Laser markings on plastic

Do we need to put a mark on plastics? all the same

Plastic materials are highly diverse in their chemical compositions. In reality, polycarbonate, polyamide, polyester, PE PET ABS, and many more are all considered plastics. Their eclectic pieces result in different outcomes for the various processes, such as Laser marking plastic. The selection of a laser in terms of the wavelength required is determined by the type of plastic being used.

PET, for instance, requires a specific short wavelength of 9.3 millimeters, which you can obtain with CO2 lasers. Lasers with different wavelengths could cause excessive heat to the plastic, creating burns and micro-holes. The marking of lasers on this quasi-transparent plastic produces white lines that appear to be floating over the top of the material. From PET bottles and thin film, using the correct parameters to make laser marks on plastics gives clear and sharp results.

Laser versus inkjet

The various sources of laser light and the broad technological advancements in modern laser technology today allow us to apply laser markings on any plastic. Marking with lasers is superior to other methods for putting codes, logos, and designs on parts. When compared to inkjet printing, laser marking doesn’t have the issues of adhesion of ink or dark contrast or even finish complexity. The reason is that the laser can remove or alter an area of the material or alter its color and create contrast.

Laser markers for plastic

The most widely used lasers used to mark plastic include popular lasers like the well-known UV laser, and it’s the FlyPeak green laser made by LASIT, and the more traditional green light laser with fiber optic sources. In most cases, it is recommended to use a MOPA laser (variable pulse). Due to the capability to control the timing of pulses, the laser is highly efficient even in the most challenging tasks.

Laser technicians conduct experiments to identify which laser can provide the desired results for certain plastics. Based on the results of the initial tests, they will be able to locate the most influential parameters for the particular job. The initial parameters they choose to use typically are those as follows:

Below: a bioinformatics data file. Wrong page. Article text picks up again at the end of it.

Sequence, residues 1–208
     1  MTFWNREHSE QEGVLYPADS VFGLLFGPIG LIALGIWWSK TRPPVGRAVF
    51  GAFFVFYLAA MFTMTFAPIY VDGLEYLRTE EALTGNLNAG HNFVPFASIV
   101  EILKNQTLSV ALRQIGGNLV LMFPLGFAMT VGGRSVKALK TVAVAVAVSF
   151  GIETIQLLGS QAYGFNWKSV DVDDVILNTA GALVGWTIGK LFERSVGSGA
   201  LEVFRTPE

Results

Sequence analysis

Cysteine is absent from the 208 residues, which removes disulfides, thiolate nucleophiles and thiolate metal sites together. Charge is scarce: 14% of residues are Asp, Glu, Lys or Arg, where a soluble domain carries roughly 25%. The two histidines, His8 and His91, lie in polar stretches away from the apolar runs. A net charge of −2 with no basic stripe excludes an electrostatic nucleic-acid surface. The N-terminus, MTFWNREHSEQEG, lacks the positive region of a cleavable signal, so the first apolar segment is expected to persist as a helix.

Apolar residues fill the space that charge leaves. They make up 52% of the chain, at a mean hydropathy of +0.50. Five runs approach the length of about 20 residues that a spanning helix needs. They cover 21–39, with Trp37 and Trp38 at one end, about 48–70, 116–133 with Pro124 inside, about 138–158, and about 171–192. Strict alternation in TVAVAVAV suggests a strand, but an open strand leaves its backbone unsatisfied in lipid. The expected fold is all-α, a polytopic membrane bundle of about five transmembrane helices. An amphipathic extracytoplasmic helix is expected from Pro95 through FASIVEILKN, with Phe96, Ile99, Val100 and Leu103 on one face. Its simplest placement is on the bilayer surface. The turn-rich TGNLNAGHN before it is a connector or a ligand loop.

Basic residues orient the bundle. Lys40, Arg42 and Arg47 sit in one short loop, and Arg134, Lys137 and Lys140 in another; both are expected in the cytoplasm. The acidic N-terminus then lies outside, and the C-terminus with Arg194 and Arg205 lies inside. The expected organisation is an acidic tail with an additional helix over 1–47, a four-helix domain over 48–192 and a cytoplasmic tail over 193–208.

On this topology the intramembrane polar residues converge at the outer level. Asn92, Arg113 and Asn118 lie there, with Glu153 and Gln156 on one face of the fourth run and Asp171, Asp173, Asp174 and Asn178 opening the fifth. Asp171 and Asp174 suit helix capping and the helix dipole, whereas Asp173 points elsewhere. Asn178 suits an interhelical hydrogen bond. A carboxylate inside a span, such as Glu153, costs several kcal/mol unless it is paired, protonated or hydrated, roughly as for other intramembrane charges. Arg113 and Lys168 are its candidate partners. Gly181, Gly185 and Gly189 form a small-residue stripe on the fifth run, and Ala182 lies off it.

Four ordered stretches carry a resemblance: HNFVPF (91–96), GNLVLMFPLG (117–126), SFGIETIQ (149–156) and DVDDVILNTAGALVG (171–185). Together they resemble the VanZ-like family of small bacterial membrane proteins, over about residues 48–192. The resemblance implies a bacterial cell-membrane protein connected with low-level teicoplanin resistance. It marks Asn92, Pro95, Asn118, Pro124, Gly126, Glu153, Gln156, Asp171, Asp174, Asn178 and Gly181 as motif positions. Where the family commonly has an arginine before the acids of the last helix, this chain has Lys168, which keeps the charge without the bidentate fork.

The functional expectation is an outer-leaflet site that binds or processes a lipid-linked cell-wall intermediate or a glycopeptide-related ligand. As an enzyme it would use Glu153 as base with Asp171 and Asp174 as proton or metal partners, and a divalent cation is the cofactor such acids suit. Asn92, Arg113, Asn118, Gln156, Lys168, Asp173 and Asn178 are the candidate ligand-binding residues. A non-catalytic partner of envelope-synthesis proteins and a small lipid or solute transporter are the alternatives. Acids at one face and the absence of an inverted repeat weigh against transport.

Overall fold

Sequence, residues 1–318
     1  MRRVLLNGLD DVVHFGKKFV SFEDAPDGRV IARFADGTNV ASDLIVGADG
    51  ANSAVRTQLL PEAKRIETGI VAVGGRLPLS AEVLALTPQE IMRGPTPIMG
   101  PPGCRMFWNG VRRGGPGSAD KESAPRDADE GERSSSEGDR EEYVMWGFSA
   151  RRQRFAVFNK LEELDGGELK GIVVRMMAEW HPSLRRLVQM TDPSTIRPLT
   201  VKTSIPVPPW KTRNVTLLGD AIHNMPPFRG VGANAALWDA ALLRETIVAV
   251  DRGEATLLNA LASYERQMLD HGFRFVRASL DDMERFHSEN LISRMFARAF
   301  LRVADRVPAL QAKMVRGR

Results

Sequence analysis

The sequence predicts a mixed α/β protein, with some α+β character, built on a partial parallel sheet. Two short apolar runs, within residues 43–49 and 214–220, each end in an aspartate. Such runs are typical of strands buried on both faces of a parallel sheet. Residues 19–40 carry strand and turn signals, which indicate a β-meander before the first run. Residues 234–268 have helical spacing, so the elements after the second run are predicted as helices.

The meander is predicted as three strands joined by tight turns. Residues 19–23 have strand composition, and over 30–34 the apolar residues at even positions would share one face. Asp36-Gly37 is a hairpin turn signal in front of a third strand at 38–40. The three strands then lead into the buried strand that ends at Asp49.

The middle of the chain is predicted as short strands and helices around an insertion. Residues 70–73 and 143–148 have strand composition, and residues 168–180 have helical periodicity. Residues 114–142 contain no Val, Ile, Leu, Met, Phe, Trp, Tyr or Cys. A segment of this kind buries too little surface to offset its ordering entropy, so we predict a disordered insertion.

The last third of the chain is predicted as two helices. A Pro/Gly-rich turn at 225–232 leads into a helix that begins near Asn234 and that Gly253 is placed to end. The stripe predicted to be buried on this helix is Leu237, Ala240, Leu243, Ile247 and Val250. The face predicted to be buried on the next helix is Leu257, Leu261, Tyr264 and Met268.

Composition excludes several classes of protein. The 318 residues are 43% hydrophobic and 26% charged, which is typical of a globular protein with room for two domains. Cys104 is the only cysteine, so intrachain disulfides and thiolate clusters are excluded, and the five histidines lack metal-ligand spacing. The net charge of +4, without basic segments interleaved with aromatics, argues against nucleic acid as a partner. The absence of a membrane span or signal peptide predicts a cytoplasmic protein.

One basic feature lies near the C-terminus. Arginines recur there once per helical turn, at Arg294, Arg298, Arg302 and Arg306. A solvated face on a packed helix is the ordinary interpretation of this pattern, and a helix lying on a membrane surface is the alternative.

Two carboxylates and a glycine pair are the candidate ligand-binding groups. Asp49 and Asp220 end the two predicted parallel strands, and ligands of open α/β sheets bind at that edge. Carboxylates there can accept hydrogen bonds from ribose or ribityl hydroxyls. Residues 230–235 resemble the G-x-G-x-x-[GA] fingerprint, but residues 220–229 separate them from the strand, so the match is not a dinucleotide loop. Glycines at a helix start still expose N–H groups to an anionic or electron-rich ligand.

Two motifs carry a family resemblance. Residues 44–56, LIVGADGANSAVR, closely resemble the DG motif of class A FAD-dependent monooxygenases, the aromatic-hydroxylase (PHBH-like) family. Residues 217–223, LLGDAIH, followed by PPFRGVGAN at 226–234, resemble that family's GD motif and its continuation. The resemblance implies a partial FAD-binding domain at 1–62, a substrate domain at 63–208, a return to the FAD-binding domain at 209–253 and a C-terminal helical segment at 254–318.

• High Speed (900-1200mm/sec)
  • Low Frequency (10-20kHz)
  • Power with low average (30-60 percent)

Most of the time, imposing an image can backfire and reduce the contrast. It’s the reason it’s recommended to begin with a single repetition and increase it gradually from there.

Below, we’ve identified 3 of the most commonly used plastics used in the laser marking process, describing their properties and the most suitable conditions for marking them.

The FlyPeak Green Light Laser

Controlling the amount of heat absorbed is an essential factor in achieving high-quality mark-making with lasers in plastic.

The Frequency of the Laser FlyPeak never exceeds 10 ns across the entire spectrum (at 20 kHz, which is 3.5 N). This lets us cool the marking compared to conventional nanosecond lasers like fiber lasers, which enhances the efficiency of the marking process and result.

FlyPeak laser marker FlyPeak utilizes the DPSS (diode solid state pumped) system that offers high peak power and a less intense pulse than other solid-state lasers available on the market and keeps the power average unchanged. There isn’t any better-performing laser on the market today.

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